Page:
Conclusion: RRI is a useful tool for indicating HRS in cirrhosis of the liver.

Keywords Cirrhosis, hepatorenal syndrome, renal artery Doppler, renal resistive index

How to cite this article: Aslam M, Ram SA, Krishnamurthy A. The renal resistive index is a non-invasive indicator of hepatorenal syndrome in cirrhotics. J Adv Clin Res Insights 2016;3:23-27.

 
9.  REVIEW ARTICLE
Role of curcumin in management of potentially malignant disorders: A review of literature
Sunil Vasudev, Chinmay Dilip Vakade, Roshan Cherian Paramesh, Priyanka Belgal
Full Text PDF | Abstract | No of Hits : 573

ABSTRACT

Potentially malignant disorders (PMD) are premalignant lesions or conditions having a high rate of malignant transformation. The risk of malignancy accounts for more than 50% in the commonly occurring oral PMD. There is a need to identify oral PMD early on and prevent their transformation into malignancy. Oxidative stress plays a major role in the pathogenesis of oral PMD. Curcumin, an antioxidant has shown promising results in oral PMD by reducing oxidative stress by various mechanisms. The aim of this article is to shed light on the use of curcumin in different oral PMD, its benefits, and shortcomings based on previously published literature.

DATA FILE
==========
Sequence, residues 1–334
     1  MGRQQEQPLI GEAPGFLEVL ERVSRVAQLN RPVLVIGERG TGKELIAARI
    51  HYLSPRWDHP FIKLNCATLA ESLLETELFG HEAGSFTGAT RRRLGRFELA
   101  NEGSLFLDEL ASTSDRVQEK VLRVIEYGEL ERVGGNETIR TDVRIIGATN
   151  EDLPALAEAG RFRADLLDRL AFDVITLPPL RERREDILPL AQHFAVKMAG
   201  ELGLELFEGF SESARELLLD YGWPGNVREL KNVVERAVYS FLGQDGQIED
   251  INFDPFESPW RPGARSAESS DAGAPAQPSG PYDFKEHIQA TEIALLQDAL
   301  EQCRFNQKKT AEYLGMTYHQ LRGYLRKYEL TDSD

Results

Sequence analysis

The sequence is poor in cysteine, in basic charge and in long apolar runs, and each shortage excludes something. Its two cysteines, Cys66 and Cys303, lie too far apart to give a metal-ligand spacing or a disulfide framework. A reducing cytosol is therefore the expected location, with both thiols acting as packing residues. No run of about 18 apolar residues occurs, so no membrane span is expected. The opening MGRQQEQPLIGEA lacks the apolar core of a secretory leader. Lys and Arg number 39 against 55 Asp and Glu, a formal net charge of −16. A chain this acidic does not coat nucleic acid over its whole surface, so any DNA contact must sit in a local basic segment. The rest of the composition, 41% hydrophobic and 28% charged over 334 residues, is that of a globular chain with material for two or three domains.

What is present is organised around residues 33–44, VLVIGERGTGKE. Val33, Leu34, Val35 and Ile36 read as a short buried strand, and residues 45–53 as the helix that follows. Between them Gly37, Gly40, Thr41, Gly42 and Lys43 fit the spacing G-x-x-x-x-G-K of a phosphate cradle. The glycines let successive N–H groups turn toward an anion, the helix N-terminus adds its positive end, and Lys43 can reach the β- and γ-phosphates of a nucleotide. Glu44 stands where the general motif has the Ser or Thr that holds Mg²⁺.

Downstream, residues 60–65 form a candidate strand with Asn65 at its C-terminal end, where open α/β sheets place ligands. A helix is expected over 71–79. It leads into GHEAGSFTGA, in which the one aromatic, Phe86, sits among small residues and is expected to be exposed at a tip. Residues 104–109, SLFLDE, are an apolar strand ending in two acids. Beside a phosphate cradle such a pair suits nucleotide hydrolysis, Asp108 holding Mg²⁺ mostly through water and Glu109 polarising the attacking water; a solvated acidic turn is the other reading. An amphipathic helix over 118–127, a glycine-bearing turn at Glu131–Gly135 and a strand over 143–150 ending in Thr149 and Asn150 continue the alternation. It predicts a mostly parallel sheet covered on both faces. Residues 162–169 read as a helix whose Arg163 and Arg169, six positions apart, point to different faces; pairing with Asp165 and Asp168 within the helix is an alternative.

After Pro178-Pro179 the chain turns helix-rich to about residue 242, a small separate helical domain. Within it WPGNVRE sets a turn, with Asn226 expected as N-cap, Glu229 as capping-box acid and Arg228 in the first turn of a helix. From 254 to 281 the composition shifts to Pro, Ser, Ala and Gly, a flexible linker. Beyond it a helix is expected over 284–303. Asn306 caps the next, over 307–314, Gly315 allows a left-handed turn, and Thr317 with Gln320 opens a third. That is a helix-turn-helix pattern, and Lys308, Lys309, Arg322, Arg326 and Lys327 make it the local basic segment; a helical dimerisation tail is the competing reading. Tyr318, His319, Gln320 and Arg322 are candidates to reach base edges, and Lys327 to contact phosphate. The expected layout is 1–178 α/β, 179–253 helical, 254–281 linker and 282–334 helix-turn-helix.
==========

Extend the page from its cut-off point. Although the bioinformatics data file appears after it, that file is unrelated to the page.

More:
Keywords Oral PMD, Curcumin, Antioxidant, Leukoplakia, OSMF, Erythroplakia and Lichen Planus

How to cite this article: Vasudev S, Vakade CD, Paramesh RC, Belgal P. Role of curcumin in management of potentially malignant disorders: A review of literature. J Adv Clin Res Insights 2016;3:152-155.

 
10.  ORIGINAL ARTICLE
Bleached vegetable oil as a suitable bio-safe alternative to xylene: An exploratory study
M. G. Madhura, V. Soumya Bhavana, B. Veerendra Kumar, S. Suma, Y. Sarita
Full Text PDF | Abstract | No of Hits : 545

ABSTRACT

Background: Xylene is used as a clearing and dewaxing agent during routine tissue processing in histopathology laboratories. Despite its excellent clearing property, xylene is associated with adequate amount of toxicity. Therefore, various substitutes for xylene such as mineral oil and vegetable oil mixtures have been explored and are well documented in English literature.